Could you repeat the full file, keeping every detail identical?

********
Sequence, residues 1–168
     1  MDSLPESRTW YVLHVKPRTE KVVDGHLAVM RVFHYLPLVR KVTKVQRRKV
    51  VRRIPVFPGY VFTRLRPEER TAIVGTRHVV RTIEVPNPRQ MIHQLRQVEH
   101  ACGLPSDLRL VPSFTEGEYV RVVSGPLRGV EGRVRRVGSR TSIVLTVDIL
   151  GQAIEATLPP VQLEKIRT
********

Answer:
Sequence, residues 1–168
     1  MDSLPESRTW YVLHVKPRTE KVVDGHLAVM RVFHYLPLVR KVTKVQRRKV
    51  VRRIPVFPGY VFTRLRPEER TAIVGTRHVV RTIEVPNPRQ MIHQLRQVEH
   101  ACGLPSDLRL VPSFTEGEYV RVVSGPLRGV EGRVRRVGSR TSIVLTVDIL
   151  GQAIEATLPP VQLEKIRT